Beth-El faculty member aims to lower blood pressure, increase communication


Editor’s note: This is the third in a series of occasional articles about the activities that will take place inside the Lane Center for Academic Health Sciences. The Lane Center is scheduled to open in January 2014 on North Nevada Avenue.

High blood pressure is often called the silent killer.

But a Beth-El College of Nursing and Health Sciences faculty member is anything but quiet when it comes to the illness that affects as many as one in three adult Americans.

“High blood pressure is one of those conditions that is so important to identify early, and to treat appropriately, because of the risk,” said Amy Silva-Smith, associate professor, Beth-El College of Nursing and Health Sciences.

High blood pressure can cause strokes as well as heart and kidney damage. While one-third of adult Americans have the disease, estimates are that only one-half are receiving treatment. That’s not good enough for the former head of a primary care clinic and with more than two decades of practical experience working with adults.

High blood pressure is defined as anything more than 140/90 and borderline – a warning level of high blood pressure — is defined as pressure levels of 130/85.

Silva-Smith considers herself a “convener” at the new Lane Center for Academic Health Sciences. In that role, she hopes to rally health care professionals from a variety of UCCS disciplines, as well as health professionals working for Peak Vista Community Health Centers and the CU School of Medicine, to combat a disease found across the age range of adulthood. High blood pressure can be prevented through diet, exercise, stress management and medicines. She also believes there are intersections between high blood pressure and other common diseases including diabetes and arthritis.

A traditional approach to medical care is to prescribe medicine to treat high blood pressure, Silva-Smith said. But that method isn’t working. People don’t take their medication, a decision that leads to a six-fold increase in fatal strokes.

Why people don’t take their medicines isn’t clearly understood. But Silva-Smith believes the odds of finding effective ways to help patients lower their risks of serious illness increase when professionals from different perspectives and training work together and closely involve the patient.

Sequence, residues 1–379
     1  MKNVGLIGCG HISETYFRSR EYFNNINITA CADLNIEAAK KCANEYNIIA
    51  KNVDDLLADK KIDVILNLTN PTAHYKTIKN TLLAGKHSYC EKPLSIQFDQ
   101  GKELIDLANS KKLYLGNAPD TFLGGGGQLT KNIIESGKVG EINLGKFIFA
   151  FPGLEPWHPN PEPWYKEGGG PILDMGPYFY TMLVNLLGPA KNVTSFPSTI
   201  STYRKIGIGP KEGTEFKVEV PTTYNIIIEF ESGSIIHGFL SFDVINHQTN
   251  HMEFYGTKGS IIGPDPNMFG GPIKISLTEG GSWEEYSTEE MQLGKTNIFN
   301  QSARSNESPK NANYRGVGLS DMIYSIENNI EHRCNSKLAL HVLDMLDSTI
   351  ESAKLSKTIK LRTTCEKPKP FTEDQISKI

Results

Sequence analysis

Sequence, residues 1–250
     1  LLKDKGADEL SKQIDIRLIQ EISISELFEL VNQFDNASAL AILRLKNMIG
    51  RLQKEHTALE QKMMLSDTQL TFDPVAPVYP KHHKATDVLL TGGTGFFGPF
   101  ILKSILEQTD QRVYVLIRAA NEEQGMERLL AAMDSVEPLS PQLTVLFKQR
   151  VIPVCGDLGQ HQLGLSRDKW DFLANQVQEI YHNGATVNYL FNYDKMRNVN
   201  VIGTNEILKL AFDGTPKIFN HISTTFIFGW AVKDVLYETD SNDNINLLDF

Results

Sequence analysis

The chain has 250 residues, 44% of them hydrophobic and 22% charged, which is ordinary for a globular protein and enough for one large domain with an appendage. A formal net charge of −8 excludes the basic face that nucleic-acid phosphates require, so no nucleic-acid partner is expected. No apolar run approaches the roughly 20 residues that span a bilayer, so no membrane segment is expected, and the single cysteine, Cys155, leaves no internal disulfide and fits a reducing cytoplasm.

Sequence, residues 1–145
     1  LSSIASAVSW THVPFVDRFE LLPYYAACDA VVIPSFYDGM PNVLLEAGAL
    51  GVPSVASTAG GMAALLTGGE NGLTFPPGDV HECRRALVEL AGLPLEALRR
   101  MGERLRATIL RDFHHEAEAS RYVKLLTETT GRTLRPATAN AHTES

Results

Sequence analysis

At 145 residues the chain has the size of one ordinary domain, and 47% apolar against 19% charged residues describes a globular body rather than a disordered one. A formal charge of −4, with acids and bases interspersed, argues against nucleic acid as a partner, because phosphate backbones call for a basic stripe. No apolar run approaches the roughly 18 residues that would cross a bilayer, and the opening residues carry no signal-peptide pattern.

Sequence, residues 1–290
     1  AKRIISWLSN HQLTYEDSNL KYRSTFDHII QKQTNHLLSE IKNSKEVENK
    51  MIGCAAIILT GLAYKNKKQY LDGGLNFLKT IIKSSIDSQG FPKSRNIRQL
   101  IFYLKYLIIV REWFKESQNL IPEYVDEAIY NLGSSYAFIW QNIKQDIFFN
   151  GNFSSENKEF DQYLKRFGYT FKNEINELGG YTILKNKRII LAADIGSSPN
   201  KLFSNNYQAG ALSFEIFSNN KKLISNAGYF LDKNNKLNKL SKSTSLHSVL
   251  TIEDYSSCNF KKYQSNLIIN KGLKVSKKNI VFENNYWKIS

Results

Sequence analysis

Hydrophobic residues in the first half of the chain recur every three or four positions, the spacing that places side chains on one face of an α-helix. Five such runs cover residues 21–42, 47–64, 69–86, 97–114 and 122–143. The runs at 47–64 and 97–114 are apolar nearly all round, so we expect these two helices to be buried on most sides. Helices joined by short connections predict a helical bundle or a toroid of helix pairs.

“Gone are the days that I, as a health care provider, can say that I know best,” Silva-Smith said. “What we’re seeing is a need to say, ‘Let’s sit at the table and let’s talk together about what’s best for this particular person.’”

As a convener of people with differing skills and backgrounds, Silva-Smith is practicing a new trend in health care called integration. But the topic isn’t new to her. At the Lane Center, she will share lessons learned from her experience running a primary care clinic at Palisades at Broadmoor Bluffs, a senior living community that partnered with UCCS to create new senior living models.

“My experience with Palisades was crucial. We learned a lot about how my work as a primary care provider, and the work of those leading exercises or in nutrition, intersected. It’s all relevant to the work that we’ll be doing at the Lane Center,” Silva-Smith said.

Silva-Smith talks about building a table, a place she describes as where health professionals from different disciplines and clients come together to solve problems and meet a client’s goals.

“The table is virtual,” she said. “What the table represents is communication. A system of communication will be established at the Lane Center so that when the nurse practitioner does assessments on an individual, those findings are shared with a team of nutrition specialists, behavioral health experts, and the person in charge of physical activity wellness for the purpose of optimizing health care for that individual.”

“If we do it correctly, people will understand that communication will make their experience better, their health care better and their health better.”


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